Monetary policy arithmetic: some recent contributions
AbstractSargent and Wallace (1981) study the feasibility of a bond-financed increase in government spending. In their "unpleasant monetarist arithmetic," Sargent and Wallace show how using bonds to finance a permanent deficit today may necessitate faster money growth in the future, yielding higher inflation today. The logic behind this spectacular result is predicated on the satisfaction of one crucial condition: the real interest rate offered on bonds has to exceed the real growth rate of the economy. Joydeep Bhattacharya and Joseph Haslag review some recent contributions to the literature on the subject in light of the contentious nature of this stricture. The authors derive the unpleasant monetarist arithmetic result by employing a weaker set of necessary conditions than those Sargent-Wallace use. In addition, the authors consider the possibility of financing the deficit by changing reserve requirements instead of raising money growth rates. Interestingly, a pleasant version of the financing arithmetic emerges.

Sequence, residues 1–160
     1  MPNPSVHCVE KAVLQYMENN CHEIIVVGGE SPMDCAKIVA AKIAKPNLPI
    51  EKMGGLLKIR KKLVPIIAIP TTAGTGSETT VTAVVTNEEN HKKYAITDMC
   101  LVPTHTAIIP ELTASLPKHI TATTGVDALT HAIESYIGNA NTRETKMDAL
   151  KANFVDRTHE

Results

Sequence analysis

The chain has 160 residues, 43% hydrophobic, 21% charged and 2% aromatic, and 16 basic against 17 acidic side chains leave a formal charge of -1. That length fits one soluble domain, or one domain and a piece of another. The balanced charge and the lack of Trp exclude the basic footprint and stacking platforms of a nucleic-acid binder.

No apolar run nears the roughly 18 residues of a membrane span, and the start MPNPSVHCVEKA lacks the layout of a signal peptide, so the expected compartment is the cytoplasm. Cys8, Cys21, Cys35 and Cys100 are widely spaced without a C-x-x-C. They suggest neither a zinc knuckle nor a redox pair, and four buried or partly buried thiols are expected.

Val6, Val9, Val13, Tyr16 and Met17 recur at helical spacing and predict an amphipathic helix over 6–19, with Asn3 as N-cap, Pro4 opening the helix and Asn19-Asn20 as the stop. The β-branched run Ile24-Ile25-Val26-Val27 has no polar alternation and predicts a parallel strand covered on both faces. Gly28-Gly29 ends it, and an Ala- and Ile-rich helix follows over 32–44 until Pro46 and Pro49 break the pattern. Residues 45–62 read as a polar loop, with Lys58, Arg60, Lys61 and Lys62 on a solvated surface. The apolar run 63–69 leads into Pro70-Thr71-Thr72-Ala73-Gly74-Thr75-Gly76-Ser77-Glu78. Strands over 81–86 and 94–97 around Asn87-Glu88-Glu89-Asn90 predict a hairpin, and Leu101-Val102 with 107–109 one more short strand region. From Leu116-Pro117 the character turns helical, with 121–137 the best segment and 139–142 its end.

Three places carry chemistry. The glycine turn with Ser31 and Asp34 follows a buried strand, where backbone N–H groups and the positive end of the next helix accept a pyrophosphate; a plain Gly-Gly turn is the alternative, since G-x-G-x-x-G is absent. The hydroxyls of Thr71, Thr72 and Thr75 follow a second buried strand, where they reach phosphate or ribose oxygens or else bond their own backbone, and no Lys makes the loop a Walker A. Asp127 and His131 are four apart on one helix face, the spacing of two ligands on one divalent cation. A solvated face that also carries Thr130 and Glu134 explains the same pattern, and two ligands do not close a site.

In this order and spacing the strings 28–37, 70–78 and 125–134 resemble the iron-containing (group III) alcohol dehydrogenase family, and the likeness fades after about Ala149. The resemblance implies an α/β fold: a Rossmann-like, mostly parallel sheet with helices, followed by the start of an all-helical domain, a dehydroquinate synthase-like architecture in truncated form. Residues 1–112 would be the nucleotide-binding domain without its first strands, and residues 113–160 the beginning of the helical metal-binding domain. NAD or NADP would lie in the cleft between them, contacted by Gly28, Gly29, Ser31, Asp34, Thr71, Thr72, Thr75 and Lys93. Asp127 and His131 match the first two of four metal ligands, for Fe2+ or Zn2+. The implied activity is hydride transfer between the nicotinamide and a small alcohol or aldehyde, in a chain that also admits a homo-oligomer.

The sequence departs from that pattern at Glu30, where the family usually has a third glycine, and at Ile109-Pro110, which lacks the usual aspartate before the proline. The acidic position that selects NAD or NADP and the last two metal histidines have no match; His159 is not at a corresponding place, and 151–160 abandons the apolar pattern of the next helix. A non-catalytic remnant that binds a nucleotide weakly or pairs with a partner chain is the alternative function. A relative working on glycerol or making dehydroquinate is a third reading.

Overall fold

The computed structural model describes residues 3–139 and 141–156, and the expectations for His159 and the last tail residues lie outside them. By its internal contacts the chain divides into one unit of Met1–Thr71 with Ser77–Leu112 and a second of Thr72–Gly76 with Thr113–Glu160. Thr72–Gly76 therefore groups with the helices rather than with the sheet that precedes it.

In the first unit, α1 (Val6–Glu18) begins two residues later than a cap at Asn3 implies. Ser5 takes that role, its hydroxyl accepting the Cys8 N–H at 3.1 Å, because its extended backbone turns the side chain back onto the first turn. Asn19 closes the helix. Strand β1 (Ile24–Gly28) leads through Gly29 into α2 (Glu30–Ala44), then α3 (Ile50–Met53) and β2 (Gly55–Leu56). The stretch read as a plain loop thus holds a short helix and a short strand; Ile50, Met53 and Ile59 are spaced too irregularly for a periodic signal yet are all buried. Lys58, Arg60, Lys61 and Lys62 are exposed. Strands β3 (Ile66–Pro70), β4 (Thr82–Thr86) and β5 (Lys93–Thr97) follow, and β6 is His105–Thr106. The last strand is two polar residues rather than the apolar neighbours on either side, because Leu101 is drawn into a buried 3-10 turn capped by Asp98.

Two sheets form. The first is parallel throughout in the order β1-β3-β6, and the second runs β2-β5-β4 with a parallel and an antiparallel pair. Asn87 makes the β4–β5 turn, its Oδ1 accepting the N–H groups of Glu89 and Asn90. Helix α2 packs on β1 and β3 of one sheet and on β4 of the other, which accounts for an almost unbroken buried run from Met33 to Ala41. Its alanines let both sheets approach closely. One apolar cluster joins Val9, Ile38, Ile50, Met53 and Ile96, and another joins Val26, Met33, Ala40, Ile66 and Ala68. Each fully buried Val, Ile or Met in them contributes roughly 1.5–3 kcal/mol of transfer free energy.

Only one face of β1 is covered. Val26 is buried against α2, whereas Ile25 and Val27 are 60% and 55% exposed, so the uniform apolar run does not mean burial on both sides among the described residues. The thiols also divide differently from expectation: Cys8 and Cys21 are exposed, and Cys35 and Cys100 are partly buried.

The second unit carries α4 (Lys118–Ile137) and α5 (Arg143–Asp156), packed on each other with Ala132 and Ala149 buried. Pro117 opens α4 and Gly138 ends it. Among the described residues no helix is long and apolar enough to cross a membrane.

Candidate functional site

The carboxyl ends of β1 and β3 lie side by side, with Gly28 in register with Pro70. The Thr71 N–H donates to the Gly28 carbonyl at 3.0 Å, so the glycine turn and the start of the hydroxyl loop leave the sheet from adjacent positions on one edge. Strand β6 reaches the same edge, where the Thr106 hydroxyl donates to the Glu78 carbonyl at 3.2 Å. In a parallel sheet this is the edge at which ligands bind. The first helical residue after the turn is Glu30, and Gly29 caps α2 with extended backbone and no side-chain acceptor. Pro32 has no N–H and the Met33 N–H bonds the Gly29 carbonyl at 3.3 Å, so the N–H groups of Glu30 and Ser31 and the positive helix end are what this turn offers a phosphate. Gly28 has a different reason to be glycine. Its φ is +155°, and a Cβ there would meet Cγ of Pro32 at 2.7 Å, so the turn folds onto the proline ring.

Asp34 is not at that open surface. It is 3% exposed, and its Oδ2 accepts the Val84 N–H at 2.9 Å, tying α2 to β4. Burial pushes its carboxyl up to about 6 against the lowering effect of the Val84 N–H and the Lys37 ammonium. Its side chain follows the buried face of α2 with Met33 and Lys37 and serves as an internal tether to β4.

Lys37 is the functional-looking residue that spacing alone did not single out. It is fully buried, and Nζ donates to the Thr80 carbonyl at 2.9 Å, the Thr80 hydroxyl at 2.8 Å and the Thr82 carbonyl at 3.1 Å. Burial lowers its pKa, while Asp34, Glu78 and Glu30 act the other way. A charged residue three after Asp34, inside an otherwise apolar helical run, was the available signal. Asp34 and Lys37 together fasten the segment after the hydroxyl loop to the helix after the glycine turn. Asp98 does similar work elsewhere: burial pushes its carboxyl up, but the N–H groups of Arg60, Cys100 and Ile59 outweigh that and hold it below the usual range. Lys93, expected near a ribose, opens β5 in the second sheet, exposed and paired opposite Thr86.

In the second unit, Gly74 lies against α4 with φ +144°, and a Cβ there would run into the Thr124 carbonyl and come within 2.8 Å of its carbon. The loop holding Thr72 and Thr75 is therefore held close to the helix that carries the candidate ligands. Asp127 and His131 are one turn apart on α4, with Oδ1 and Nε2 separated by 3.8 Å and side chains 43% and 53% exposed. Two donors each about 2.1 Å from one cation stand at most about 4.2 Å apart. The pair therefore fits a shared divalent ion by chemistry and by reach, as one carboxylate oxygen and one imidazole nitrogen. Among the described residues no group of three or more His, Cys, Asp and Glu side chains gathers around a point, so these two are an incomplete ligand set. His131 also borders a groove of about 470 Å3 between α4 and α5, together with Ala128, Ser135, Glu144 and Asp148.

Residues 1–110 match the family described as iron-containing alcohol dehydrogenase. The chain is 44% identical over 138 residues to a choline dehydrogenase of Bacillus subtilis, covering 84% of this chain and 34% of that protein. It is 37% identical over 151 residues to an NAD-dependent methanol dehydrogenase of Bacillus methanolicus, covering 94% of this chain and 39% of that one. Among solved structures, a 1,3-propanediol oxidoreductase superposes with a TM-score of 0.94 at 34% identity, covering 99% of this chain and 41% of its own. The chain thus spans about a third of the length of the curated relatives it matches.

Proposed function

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Bibliographic InfoArticle provided by Federal Reserve Bank of Dallas in its journal Economic and Financial Policy Review.
Volume (Year): (1999)
Issue (Month): Q III ()
Other versions of this item:
- Bhattacharya, Joydeep & Haslag, Joseph, 1999. "Monetary Policy Arithmetic: Some Recent Contributions," Staff General Research Papers 10388, Iowa State University, Department of Economics.
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